As far as I’m concerned, I was more on the emotional aspect of the film. I’ve done some set design for Lightyear, but I think it was more important for me to organize the shape language and the idea of mood and color and encourage my team to encourage the other departments to be creative. Angus is a very particular director. So, I felt my role was to cultivate all his influences. We looked at a lot of references from films to toy design. We kind of just gathered this imagery and later on we would distribute that to the team and say, “those are really the things that Angus really enjoys”. And we did little test models. We got an ILM modeler that would build actual practical models. Because Angus wanted the models to feel like they’re from the 80s. We all grew up with all these great sci-fi movies of the 80s, and I think our team wanted to feel that when we watch the movie. It feels like something I watched when I was a kid. Anything sci-fi from the 80s, we studied it, we looked at it, we got inspired by it, from artefacts to lenses, from compositing to matte painting, it has this dreamlike quality. When I watch an 80s movie, I miss those times when they made things practical and real!

AV: Indeed, in order to prepare the movie, you researched 80s movies, but also you went to NASA. How did you balance imaginary and realistic references in the film?

TE: It was important for us to check-off our list. So, we went to NASA and hung out with astronauts and looked at how things are practically made for real space flights. But we didn’t want to lose the fantastic-ness of design. We didn’t want to go so real that it looks not fantastic. So, we did balance that. Part of it is the casting of the team. I’m a big sci-fi nerd, but the people that I chose to be on the project, we just had to use the same language. They were able to build things and get influenced by sci-fi and implement it. I’ll give you an example: Greg Peltz could look at a practical thing from NASA and he could look at a sci-fi thing, and he could merge them together and make something that is fantastic but practical. As filmmakers, we’re teammates. We’re all in it together. Not one person has all the solutions, but some people have an ability to solve problems. I really leaned on my art directors to help solve a lot of these problems. We definitely wanted to go to NASA and then, we also did a trip to Skywalker Ranch to actually see their practical models like the Millennium Falcon. Oh my gosh! We were there for four hours and it was unbelievable to see how all these models are perfect. The Falcon is huge and you look at the actual one. Those model builders were so phenomenal in what they did. That was very inspiring!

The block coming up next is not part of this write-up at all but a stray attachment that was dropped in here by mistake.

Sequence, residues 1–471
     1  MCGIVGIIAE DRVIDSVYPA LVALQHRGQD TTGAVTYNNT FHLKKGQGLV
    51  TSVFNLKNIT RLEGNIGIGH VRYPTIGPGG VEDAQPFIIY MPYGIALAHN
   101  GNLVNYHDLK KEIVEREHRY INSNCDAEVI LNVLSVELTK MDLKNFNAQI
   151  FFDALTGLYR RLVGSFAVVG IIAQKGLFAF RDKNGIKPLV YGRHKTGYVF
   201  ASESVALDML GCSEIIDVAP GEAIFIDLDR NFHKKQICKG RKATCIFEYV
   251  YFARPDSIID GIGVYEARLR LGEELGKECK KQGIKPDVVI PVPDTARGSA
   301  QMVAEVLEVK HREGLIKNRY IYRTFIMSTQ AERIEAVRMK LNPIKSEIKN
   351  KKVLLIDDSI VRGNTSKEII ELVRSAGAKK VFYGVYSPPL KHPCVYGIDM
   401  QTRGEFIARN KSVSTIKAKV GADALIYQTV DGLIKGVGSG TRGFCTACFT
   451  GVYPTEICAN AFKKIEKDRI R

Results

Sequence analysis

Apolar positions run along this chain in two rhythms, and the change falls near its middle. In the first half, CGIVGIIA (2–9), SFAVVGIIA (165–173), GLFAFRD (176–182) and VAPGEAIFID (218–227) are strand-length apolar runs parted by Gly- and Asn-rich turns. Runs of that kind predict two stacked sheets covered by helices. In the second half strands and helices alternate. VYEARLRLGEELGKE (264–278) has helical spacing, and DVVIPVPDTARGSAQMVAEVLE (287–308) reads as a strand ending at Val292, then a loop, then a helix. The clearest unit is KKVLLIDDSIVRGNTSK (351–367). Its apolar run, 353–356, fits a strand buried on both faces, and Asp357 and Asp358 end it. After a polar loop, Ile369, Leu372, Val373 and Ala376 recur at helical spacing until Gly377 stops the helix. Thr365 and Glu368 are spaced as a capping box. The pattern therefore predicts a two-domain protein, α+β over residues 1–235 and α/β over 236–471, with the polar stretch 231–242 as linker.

AV: How did you manage to take all these references and inspirations, and make a genuine, present-day Pixar movie?

TE: There were so many rules from the original Buzz we had to stick with. If we’d moved away too far from what Buzz actually looks like, people would have questioned him. So, we had to stick to those rules to actually update the new Buzz. In the research that we did and the detail that we did from research at NASA, it’s typical of a traditional Pixar film. For Bug’s Life, they would go low into the grass using little cameras. They would put those little cameras on a Lego dolly and see what it would look like. Bill Cone used to say that when you’re lower from the grass, the grass has light coming through and you have this kind of stained-glass window effect. On Lightyear, it was like – how do we get practicality from NASA and fantasy into the film?

Also, we used weather to show Buzz’s mood through the whole film. So, weather was a way to incorporate that. When I looked at the whole film, I was like – what are the main stakes of his life changes? What is cool about Lightyear is, it teaches kids and people in general how to live with a mistake. When Alicia dies, everything becomes like he has to make a decision and make things right. One of the other important things was to have everything turn white when Buzz goes lightspeed. With Ian Megibben, who was the head of lighting, we would talk about what are the stakes in the ground of the visual of the film, and how do you tie together some of these moments. I used blue with relation with Alicia, lightspeed is life, and when there’s like a storm coming with Zurg, the environment turns all green, twisters actually happen and the weather turns green for some reason. So, I think very deep research is what Pixar films are famous for. And story-wise, characters and personality are of utmost importance. So, we thought how to make Buzz a likeable character. Because he could be very “police officer”. But that makes him so fun, too!

AV: Speaking of Buzz and Zurg, how did you design these realistic characters out of toys – whereas in the industry it’s generally the contrary, with toys inspired by live characters.